Seidenfaden’s talents are ‘gift to a population in need’
Written by Haley Herfurth
May 30, 2019 Print Email
seidenfaden EOTM stream
Chris Seidenfaden, dental prosthetist in the Division of Prosthodontics
In the 24 years Chris Seidenfaden has worked in the Division of Prosthodontics, one memory in particular from his earliest days stands out to him.
A young boy, sick with a disease contracted from a blood transfusion, had lost all his teeth as a result. The patient was being bullied mercilessly at school, and it was Seidenfaden’s job as a dental prosthetist to take measurements, make impressions, build models and, ultimately, craft a set of small dentures for the patient. Seidenfaden calls the process of presenting the teeth set to the boy and his family “the most heartwarming thing I’ve ever done.”
“The mother was in tears, the grandmother was in tears,” Seidenfaden said. “The little boy gave me the biggest hug I’ve received from anyone.”
Seidenfaden’s loyalty to patients has not waned throughout the past two decades, his colleagues say; he is always ready to provide detailed explanations, compassionate support and a helping hand.
“Chris has always shown exceptional customer service,” said Vickie Dewberry Tubbs, a dental assistant in the School of Dentistry. “He’s always there to answer questions for our patients, and he makes them feel comfortable and at ease.”
“UAB gave me the ability to learn as much as I could learn. I’ve always been encouraged to learn more and do more. You’re not limited here at UAB unless you limit yourself.”
His years working with patients who require maxillofacial reconstruction — the repair and rebuilding of the jaw and face — have taught him to treat everyone with empathy and kindness, he says. The same goes for the students; his role training dental students in prosthodontics and working with dual-appointed clinical faculty has taught him a special kind of compassion as well.
“Students are under a lot of stress,” Seidenfaden said. “They incur a lot of debt to come to school. It’s similar with faculty — they have the responsibility of seeing their patients and teaching, and everyone has the same stressors that we all have, with family life and writing academic papers. I feel that when we take a team approach, everyone shares the load and we can be compassionate with one another.”
One former student, Michael Kase, DMD, has known Seidenfaden since completing his residency in prosthodontics eight years ago. Now an assistant professor and maxillofacial prosthodontist in UAB’s Department of Oral and Maxillofacial Surgery, Kase puts it simply: “Chris is the reason I am here.”
“As a first-year resident, you’re essentially a dental student but with a lot more expectations,” Kase said. “People look to you for answers, but when you first start, you might not know them yet. Chris never once made me feel dumb for this and always went out of his way to help me.”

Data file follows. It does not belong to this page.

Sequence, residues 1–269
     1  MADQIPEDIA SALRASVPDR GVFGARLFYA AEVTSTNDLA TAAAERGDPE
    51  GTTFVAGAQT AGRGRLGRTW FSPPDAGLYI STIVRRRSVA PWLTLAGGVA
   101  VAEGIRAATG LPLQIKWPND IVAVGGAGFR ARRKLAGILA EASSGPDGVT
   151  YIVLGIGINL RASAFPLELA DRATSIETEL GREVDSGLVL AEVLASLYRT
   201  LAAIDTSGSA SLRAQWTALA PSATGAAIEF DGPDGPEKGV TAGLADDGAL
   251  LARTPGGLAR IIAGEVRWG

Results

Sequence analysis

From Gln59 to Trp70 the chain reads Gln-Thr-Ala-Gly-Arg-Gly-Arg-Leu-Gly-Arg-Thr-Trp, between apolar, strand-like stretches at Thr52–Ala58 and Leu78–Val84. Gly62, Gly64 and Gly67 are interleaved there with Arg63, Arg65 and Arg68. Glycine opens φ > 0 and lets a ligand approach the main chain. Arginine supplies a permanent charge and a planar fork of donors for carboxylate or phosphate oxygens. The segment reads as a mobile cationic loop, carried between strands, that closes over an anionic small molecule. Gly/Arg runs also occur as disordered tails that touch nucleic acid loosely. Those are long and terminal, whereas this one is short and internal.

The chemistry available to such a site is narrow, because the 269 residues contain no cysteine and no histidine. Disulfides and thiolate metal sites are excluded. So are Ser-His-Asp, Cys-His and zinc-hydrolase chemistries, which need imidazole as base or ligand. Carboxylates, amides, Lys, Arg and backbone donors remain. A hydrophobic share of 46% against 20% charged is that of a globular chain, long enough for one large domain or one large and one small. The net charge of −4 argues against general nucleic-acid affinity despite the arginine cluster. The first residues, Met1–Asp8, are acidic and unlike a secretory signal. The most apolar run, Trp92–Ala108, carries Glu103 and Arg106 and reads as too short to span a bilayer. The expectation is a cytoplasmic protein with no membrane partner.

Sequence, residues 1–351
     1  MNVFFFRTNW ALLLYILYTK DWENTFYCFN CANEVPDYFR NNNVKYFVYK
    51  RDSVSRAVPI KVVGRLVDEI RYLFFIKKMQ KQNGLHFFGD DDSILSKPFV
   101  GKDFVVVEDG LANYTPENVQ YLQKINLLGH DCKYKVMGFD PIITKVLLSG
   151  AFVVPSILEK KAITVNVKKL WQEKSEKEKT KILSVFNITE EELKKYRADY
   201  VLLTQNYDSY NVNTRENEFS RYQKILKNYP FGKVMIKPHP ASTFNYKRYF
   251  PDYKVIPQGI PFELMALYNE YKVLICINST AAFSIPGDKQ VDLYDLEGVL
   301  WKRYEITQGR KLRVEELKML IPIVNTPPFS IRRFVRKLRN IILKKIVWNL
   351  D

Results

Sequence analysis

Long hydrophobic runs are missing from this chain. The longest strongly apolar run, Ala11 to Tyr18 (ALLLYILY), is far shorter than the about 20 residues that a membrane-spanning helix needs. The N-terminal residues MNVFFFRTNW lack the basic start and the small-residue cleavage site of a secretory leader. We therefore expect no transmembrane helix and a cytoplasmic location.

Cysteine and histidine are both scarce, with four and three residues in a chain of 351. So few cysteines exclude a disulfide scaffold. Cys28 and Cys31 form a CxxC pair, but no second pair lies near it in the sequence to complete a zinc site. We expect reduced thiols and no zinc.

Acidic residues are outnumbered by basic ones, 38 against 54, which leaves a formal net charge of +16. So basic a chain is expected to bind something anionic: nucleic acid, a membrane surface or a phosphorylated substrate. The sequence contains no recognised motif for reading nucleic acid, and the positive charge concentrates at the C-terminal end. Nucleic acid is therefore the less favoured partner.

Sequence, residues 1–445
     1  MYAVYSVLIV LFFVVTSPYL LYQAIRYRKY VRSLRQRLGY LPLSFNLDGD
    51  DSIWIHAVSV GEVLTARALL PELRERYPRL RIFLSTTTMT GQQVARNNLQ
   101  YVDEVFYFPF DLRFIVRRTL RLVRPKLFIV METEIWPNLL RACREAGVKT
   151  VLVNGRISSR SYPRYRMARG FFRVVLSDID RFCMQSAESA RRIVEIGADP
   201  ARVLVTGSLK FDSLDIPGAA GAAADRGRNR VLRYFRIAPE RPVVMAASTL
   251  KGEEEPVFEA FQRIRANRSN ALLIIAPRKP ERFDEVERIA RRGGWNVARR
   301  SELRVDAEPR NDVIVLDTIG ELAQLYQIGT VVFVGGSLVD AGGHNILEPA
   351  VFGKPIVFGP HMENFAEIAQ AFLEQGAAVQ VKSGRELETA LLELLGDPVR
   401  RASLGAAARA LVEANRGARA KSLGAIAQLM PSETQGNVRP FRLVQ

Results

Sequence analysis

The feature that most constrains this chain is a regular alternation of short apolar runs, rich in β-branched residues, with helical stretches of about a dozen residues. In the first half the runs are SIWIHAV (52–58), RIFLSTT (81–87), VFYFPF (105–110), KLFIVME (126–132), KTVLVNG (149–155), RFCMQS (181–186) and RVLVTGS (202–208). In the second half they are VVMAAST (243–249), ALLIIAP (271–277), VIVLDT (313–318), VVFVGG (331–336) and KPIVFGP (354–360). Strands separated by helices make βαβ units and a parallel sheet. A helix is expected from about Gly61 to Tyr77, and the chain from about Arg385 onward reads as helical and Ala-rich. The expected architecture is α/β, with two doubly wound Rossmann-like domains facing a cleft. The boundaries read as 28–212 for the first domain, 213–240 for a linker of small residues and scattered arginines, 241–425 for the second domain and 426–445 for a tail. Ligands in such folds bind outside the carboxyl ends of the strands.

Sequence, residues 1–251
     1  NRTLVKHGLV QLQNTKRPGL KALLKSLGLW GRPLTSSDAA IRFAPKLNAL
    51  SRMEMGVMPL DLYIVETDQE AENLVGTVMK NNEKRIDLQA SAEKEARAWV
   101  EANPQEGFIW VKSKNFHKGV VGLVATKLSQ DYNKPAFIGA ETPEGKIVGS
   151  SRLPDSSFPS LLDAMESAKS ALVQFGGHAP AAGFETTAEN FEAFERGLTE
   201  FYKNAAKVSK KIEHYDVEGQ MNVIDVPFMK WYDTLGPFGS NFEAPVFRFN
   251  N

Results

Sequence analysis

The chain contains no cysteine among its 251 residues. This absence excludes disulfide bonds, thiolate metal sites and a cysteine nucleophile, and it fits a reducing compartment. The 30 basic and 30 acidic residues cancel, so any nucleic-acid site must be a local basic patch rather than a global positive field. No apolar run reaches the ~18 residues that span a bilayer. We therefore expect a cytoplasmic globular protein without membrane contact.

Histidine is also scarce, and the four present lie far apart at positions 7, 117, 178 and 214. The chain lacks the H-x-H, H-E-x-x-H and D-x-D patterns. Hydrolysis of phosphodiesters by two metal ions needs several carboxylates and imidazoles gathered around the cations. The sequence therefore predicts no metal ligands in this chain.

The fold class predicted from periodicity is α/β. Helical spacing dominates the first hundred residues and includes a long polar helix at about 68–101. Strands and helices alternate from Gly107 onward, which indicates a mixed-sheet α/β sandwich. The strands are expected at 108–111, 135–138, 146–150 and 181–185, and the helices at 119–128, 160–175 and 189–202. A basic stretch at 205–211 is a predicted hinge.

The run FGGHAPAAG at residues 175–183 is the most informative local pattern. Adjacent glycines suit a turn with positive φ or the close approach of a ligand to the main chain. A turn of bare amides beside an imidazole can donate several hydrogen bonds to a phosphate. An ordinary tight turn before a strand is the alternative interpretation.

“In his facial reconstructions, Chris works chair-side with cancer and trauma patients to restore quality of life through his prosthetic noses, eyes, ears and other facial structures. Only a handful of individuals in the southeastern United States can provide such services.”
Not only is Seidenfaden a kind and understanding tutor, Kase said, but he also commands what Kase refers to as “technical wizardry,” from simple denture techniques to complex multipiece maxillofacial prosthetics. Daniel Givan, DMD, Ph.D., associate chair of the Department of Restorative Sciences, says Seidenfaden uses these skills to make a true difference in the lives of his patients.
“In his facial reconstructions, Chris works chair-side with cancer and trauma patients to restore quality of life through his prosthetic noses, eyes, ears and other facial structures. Only a handful of individuals in the southeastern United States can provide such services,” Givan said. “To mask disfigurements and provide function for basic living is a gift to a population in desperate need.”
Seidenfaden said UAB has given him many opportunities to grow in the decades he has worked in the School of Dentistry, providing him just the amount of structure he says he, as a former military service-member who came to UAB at age 30, needed in order to be successful. As both the school and profession have undergone changes — both in the field and within the building — he has always striven to remain positive, he said.
Each month, UAB recognizes an outstanding employee for their dedication, hard work and contributions to the university’s success. If you know of a great employee, you can learn how to nominate them for this recognition at uab.edu/humanresources.
“I’ve always gone into things with a willingness to learn and better myself,” he continued.
That dedication has paid off; Seidenfaden says he has always been encouraged by his co-workers and supervisors to set new goals for himself; he’s even co-authored several papers with his academic colleagues. He says he doesn’t know anyplace else except UAB that would make that possible.
“UAB gave me the ability to learn as much as I could learn,” he continued. “I’ve always been encouraged to learn more and do more. You’re not limited here at UAB unless you limit yourself.”
Seidenfaden coaches middle school basketball and football at JCCHS.